Betsy DeVos, President-elect Trump’s pick for U.S. Secretary of Education, doubled down on her promise to localize education, offer more choice, and “end” the Common Core State Standards, joining her new-boss-to-be at a victory rally in her home state of Michigan Friday.
“I’m so excited and humbled to be nominated as secretary of education. Just between us, let me share this, it’s time to make education great again in this country. This means putting kids first every single day,” DeVos told the crowd. “This means expanding choices and options to give every child the opportunity for a good education regardless of their ZIP code or their family circumstances. This means letting states set their own high standards and finally putting an end to the federalized common core. "
Of course, anyone who has read the Every Student Succeeds Act, which prohibits the secretary of education from telling states which standards they can and can’t use, knows DeVos can’t legally stop states from using the common core if they want
Still, some anti-common core conservatives aren’t fans of DeVos’ nomination, because of her association with former Florida Gov. Jeb Bush, a prominent supporter of the standards. (Until recently, DeVos sat on the board of the Foundation for Excellence in Education, Bush’s research and advocacy organization.)
And even though DeVos is likely to take the reins of the Education Department next year, it sounds like she’s skeptical that the agency can do much to help boost achievement.
“I trust parents and I believe in our children,” DeVos told the cheering crowd. “But it won’t be Washington, D.C., that unlocks that potential. It won’t be a giant bureaucracy or a federal department. Nope, the answer isn’t bigger government. The answer is local control, and it’s listening to parents, and it’s giving more choices.”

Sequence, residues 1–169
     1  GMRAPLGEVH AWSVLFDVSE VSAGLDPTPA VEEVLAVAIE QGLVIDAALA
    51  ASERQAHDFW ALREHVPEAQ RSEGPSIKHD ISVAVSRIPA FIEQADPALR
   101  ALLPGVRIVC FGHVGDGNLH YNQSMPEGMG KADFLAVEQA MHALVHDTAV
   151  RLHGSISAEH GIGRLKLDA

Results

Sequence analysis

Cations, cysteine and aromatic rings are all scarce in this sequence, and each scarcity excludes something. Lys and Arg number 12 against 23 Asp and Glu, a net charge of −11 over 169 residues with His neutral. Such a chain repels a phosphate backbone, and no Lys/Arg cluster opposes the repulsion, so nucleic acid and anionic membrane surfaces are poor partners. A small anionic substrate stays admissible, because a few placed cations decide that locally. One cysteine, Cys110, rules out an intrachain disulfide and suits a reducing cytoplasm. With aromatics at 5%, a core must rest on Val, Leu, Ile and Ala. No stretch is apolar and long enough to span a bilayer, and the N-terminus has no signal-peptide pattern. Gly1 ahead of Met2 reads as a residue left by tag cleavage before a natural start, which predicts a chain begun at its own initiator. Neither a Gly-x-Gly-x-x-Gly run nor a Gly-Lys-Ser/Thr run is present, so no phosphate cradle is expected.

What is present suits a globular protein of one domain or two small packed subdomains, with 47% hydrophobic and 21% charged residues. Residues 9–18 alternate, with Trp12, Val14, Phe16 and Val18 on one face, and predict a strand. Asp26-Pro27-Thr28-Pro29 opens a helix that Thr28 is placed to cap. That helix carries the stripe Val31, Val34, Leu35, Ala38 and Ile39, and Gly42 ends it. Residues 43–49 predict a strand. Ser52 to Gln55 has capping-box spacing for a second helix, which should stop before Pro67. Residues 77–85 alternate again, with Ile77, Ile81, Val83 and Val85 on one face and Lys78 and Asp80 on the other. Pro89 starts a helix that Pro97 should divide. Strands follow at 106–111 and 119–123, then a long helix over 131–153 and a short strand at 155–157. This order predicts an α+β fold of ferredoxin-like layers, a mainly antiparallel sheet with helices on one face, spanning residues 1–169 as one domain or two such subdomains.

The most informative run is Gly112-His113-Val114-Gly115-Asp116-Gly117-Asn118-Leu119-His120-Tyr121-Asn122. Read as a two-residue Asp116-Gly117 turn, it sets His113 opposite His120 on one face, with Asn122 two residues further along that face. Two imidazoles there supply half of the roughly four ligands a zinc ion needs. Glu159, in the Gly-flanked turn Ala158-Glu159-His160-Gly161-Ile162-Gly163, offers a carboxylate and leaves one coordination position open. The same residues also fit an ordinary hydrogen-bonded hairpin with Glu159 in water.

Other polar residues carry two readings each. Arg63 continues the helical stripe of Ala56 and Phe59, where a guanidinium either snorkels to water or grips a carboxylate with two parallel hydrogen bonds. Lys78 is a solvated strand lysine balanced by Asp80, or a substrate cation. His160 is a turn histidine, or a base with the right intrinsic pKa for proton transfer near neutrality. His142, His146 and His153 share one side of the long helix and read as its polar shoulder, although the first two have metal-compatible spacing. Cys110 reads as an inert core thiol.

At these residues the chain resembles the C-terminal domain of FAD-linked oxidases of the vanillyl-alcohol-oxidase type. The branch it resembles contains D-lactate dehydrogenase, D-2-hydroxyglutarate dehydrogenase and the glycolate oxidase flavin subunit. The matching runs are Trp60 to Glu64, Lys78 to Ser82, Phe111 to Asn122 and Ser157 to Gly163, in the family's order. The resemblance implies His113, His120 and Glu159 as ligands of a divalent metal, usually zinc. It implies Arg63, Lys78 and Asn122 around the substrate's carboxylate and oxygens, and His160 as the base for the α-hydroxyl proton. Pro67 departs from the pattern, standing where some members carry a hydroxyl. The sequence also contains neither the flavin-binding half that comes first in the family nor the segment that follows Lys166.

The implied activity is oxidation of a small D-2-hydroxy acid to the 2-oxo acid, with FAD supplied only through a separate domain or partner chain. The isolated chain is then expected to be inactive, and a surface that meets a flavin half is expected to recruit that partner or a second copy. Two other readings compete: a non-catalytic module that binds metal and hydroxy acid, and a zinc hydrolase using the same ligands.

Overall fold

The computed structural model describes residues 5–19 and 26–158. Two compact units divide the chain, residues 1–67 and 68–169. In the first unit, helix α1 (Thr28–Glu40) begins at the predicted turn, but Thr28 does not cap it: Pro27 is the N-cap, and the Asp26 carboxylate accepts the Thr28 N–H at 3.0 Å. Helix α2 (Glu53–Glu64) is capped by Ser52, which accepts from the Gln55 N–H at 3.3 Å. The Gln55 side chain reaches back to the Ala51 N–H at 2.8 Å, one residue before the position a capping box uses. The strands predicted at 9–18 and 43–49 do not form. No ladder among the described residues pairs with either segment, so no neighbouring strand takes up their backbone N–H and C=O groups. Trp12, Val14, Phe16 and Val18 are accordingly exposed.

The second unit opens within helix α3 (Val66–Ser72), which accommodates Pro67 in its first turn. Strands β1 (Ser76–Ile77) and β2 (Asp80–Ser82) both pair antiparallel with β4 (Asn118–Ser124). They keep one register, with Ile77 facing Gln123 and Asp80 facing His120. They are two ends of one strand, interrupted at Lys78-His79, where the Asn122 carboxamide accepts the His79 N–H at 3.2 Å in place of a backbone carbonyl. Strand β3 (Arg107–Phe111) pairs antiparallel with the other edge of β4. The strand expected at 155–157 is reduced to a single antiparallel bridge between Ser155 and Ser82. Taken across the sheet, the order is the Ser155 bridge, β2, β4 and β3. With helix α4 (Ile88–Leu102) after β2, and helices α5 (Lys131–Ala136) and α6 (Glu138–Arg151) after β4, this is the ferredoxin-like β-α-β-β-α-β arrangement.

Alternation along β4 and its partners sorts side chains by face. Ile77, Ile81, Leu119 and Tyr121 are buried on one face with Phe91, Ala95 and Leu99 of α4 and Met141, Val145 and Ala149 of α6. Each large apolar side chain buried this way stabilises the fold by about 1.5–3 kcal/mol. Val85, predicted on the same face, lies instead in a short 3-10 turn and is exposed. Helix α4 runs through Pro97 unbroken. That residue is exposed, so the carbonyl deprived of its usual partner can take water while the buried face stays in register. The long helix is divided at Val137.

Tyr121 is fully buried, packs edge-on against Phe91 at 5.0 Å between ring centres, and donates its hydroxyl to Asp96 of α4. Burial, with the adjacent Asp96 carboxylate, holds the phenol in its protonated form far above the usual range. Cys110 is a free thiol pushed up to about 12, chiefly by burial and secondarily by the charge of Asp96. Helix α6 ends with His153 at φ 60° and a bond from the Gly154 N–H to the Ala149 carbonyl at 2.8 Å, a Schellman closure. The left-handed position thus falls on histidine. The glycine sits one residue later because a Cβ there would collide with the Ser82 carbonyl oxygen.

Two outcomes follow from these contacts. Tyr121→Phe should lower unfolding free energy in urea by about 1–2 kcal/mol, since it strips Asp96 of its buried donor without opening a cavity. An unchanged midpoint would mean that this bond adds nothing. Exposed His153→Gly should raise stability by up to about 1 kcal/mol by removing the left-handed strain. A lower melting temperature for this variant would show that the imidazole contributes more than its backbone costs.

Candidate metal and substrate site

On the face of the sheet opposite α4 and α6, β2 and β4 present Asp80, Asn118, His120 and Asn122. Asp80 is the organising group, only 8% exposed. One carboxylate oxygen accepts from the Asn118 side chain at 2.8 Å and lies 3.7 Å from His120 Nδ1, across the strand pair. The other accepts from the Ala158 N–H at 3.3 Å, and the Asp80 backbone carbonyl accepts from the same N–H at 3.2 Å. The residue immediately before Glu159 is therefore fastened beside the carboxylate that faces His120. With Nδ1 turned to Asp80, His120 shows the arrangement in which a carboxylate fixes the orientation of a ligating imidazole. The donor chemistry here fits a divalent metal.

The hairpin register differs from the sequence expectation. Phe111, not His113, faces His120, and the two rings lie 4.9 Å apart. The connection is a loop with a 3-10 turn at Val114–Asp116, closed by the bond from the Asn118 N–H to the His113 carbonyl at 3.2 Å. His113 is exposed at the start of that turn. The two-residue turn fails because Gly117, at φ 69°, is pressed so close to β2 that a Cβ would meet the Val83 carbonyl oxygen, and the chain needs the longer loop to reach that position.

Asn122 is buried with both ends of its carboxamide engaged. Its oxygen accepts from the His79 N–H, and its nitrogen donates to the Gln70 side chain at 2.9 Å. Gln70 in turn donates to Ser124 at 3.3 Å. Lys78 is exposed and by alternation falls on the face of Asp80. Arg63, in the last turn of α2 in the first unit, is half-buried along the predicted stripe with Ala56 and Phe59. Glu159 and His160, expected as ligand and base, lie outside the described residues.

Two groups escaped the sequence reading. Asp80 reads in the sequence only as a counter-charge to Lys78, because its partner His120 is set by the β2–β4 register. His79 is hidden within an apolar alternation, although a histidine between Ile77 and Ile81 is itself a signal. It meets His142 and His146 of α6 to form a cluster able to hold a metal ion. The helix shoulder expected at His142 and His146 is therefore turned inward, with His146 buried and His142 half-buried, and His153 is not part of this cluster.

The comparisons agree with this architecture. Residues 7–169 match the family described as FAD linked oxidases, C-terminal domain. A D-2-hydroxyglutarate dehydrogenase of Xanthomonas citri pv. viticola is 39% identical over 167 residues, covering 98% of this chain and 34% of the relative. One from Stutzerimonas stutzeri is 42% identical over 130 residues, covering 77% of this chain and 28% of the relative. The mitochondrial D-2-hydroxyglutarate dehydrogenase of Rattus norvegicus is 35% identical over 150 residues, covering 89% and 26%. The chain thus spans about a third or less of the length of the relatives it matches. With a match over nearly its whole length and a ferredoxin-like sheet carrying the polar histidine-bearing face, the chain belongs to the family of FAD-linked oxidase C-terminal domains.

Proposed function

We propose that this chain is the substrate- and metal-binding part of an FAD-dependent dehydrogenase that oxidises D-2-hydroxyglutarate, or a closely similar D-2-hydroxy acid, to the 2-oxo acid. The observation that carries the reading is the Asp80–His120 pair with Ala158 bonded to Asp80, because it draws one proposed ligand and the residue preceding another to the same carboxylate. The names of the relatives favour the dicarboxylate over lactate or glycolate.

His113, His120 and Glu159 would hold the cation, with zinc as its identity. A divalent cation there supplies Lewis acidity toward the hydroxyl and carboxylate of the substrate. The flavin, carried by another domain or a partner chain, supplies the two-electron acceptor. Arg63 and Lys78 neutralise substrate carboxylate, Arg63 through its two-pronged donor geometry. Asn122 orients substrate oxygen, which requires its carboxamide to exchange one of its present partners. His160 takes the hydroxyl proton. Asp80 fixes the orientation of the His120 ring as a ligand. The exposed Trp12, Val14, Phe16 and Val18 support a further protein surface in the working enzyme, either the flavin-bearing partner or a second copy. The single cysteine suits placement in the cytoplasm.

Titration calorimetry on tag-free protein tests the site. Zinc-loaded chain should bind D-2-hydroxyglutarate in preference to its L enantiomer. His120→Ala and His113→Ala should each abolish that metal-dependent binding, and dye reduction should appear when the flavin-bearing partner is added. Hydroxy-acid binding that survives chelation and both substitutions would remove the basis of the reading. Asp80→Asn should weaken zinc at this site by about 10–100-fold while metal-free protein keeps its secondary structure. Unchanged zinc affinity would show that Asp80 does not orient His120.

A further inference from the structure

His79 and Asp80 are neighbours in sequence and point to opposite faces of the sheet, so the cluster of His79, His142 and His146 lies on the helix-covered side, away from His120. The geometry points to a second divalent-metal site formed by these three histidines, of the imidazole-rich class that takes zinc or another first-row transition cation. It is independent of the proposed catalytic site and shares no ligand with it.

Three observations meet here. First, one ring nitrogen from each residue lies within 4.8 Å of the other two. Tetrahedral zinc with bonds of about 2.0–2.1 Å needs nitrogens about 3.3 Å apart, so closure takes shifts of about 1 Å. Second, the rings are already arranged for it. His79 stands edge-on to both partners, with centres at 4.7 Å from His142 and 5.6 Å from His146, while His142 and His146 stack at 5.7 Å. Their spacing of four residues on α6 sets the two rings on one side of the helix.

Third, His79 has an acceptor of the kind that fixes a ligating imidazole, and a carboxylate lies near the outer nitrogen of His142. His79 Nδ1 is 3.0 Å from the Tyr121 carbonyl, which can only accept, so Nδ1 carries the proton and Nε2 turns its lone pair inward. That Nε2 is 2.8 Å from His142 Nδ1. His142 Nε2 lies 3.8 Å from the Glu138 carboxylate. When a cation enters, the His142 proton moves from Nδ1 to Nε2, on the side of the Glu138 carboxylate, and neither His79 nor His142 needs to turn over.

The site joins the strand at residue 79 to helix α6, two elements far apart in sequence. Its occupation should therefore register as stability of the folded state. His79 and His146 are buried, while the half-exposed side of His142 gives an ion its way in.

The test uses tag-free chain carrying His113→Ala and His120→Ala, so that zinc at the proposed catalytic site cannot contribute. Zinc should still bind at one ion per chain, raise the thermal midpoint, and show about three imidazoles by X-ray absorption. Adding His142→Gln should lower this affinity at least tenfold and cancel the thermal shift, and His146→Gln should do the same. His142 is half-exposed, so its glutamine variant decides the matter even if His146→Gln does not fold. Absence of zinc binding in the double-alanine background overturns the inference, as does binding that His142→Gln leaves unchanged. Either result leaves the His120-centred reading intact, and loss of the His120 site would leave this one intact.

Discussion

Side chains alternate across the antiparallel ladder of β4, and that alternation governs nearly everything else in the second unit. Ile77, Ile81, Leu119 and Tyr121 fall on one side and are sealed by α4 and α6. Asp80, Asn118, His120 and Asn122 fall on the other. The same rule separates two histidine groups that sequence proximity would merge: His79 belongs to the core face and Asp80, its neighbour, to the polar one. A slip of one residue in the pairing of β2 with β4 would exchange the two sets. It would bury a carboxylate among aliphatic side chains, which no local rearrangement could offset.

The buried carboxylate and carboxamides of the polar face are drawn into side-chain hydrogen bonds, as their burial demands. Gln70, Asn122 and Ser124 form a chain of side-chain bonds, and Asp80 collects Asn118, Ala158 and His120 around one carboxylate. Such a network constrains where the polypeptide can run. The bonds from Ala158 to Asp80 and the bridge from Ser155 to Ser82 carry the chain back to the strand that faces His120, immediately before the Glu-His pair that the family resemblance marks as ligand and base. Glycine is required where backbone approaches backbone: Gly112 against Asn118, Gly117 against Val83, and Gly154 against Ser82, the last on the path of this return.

DeVos has been a school choice advocate for nearly 30 years—most prominently as chairwoman of the American Federation for Children—but hasn’t worked professionally in education. That resume has some teachers worried that she doesn’t have a commitment to public schools, or a clear idea of how they operate.
But DeVos told the crowd she has the background needed to fix K-12 education.
“I’ve been in education for 28 years, as an activist, a citizen volunteer, and an advocate for children,” she said. “I have the experience the passion and the know-how to make change happen.”
It also sounds like DeVos isn’t a fan of the media coverage her nomination has generated so far. There have been a rash of stories and opinion pieces about things like how her religious beliefs may inform her work at the Education Department and calling into question the impact of her procharter schools policies on schools in Michigan.
“There is a lot of false news out there,” she said. “All I ask for is an open mind and the opportunity to share my heart.”
After her brief remarks, Trump said he’s confident DeVos “can make great strides to fix our broken schools and broken country. ... It’s going to be a beautiful thing to watch.”
Want more? You can watch DeVos’ remarks and the rally below. Trump’s introduction of DeVos starts around the 35 minute mark.
President-elect Donald Trump shakes hands with his pick for Education Secretary, Betsy DeVos, during a rally in Grand Rapids, Mich., on Dec. 9.
Betsy DeVos, President-elect Donald Trump’s pick for Education Secretary, speaks during a rally on Dec. 9 in Grand Rapids, Mich.